Some of the policy recommendations here are obvious and included in the IRA (if you’re reading this you should probably look into applying for these credits and making your home more sustainable):
Subsidize heat pumps to replace gas furnaces, which can reduce emissions by over 50% in the short term, and even more in the long term as the grid is decarbonized and the energy used gets even cleaner.
However, this is just the start. We need to holistically look at what we are building. And what policies can help us build better. Specifically, we need to be building more apartment buildings because they are inherently more energy efficient than single-family homes. As seen below, apartment buildings with more than 5 units average around 1/3rd as much energy consumption as a single-family home. The lower energy usage is due to the fact that apartments are typically smaller than single-family homes and that apartments have shared walls, reducing exposure to exterior temperatures and resulting in less energy loss. Additionally, apartment buildings are getting more efficient due to the scalability of energy-saving techniques such as new insulation and more efficient HVAC systems, while single-family homes are getting larger, and therefore less efficient.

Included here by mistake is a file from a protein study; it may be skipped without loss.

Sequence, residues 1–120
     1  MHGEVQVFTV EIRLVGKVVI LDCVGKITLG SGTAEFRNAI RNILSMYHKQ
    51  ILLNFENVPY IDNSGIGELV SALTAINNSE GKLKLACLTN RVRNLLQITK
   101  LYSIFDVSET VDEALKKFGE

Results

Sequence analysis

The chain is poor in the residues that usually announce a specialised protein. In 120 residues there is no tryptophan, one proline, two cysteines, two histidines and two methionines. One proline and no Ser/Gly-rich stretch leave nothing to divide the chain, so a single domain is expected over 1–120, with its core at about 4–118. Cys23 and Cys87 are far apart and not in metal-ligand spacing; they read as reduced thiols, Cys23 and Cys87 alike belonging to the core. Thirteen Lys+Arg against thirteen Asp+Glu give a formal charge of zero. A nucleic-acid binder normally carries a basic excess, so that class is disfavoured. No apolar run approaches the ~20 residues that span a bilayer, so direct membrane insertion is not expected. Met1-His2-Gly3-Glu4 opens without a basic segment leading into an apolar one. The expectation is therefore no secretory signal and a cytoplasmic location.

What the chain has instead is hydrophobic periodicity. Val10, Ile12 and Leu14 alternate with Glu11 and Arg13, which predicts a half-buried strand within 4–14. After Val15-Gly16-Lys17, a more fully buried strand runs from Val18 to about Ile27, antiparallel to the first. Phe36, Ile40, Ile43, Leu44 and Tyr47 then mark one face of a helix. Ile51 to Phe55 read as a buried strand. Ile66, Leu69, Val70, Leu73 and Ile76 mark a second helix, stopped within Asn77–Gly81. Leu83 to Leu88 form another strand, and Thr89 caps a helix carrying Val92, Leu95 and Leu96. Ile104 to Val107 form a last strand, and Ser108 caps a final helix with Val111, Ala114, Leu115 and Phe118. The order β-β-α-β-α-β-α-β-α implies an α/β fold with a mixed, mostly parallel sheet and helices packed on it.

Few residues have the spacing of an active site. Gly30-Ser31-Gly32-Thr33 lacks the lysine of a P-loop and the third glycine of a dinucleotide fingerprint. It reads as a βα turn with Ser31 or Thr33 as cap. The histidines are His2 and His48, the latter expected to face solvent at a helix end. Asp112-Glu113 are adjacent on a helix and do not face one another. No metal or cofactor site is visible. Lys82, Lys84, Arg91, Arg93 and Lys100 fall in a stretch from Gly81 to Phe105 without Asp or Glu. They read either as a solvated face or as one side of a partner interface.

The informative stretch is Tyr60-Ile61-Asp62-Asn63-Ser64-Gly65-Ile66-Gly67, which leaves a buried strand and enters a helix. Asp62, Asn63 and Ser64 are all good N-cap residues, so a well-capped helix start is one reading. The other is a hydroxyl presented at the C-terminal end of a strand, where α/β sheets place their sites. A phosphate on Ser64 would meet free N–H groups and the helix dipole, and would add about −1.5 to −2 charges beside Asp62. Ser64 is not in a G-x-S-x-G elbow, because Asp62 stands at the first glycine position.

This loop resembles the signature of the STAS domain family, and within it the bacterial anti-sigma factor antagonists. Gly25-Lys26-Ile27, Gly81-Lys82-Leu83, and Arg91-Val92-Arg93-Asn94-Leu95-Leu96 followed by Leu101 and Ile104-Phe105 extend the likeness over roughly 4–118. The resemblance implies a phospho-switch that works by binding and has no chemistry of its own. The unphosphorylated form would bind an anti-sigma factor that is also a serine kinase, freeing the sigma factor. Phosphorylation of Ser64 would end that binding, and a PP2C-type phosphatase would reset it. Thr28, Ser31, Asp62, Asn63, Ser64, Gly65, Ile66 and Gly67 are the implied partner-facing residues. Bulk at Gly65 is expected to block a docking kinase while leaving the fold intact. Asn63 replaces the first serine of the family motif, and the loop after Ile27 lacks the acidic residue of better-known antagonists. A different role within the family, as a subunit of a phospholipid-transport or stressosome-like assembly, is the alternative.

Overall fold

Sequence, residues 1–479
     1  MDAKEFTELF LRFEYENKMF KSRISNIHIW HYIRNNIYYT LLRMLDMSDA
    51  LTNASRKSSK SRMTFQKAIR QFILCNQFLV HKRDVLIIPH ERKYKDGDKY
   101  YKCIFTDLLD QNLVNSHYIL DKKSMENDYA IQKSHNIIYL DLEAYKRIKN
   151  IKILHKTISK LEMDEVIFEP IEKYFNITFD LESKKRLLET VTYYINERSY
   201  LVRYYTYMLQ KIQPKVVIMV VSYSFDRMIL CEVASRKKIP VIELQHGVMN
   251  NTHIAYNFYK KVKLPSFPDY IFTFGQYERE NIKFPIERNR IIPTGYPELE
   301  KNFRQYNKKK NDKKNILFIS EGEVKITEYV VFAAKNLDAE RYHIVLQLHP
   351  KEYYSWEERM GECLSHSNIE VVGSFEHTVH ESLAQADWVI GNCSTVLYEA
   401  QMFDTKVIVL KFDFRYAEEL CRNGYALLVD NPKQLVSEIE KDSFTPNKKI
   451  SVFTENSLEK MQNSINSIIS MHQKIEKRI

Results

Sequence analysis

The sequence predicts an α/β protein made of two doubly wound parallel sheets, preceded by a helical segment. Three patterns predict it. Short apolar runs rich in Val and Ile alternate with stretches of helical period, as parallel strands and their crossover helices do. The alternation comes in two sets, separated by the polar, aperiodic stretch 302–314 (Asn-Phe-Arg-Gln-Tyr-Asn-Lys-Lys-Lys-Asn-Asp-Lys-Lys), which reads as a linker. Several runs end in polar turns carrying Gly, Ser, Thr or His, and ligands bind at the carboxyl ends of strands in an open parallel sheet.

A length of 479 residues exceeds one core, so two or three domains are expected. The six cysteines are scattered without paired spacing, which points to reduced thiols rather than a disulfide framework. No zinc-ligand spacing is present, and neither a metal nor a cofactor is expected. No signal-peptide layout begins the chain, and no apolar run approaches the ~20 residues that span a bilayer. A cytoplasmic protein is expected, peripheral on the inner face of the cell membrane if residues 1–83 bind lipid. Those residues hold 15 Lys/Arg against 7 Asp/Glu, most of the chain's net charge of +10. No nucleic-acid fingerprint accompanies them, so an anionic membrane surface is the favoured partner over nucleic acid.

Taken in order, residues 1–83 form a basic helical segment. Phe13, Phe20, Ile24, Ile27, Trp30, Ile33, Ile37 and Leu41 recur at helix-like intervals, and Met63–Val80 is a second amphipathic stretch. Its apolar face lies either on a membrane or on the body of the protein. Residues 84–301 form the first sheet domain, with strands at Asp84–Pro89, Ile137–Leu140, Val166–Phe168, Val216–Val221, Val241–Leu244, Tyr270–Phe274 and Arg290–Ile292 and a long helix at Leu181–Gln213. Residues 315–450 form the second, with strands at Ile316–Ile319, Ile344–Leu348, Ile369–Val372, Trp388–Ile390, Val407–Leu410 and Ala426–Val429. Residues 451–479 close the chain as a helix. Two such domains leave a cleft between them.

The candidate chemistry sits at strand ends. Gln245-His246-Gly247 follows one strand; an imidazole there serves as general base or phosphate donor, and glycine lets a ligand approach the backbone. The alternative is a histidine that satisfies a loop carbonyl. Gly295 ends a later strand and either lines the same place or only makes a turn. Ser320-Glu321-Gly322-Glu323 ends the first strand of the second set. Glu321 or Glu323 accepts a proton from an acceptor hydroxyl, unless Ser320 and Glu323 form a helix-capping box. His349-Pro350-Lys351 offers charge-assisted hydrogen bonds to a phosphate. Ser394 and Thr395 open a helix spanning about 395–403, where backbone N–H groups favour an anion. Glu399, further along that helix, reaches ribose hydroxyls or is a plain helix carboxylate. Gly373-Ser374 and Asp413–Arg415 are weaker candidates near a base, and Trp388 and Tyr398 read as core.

Despite the climate benefits of dense housing, many cities have restrictions on multi-family housing via height restrictions, density restrictions, apartment bans, parking mandates, and other forms of exclusionary zoning, and government officials should look at repealing the laws that make these apartments difficult or impossible to build in much of the country.
Even though carbon emissions from transportation are not directly included in housing climate emissions, it is impossible to disentangle the two. As shown in the earlier chart, passenger vehicles account for 28.5% of all carbon emissions in California, making it the largest single source of emissions in the state. This connects to housing because where we build housing largely influences how much people drive.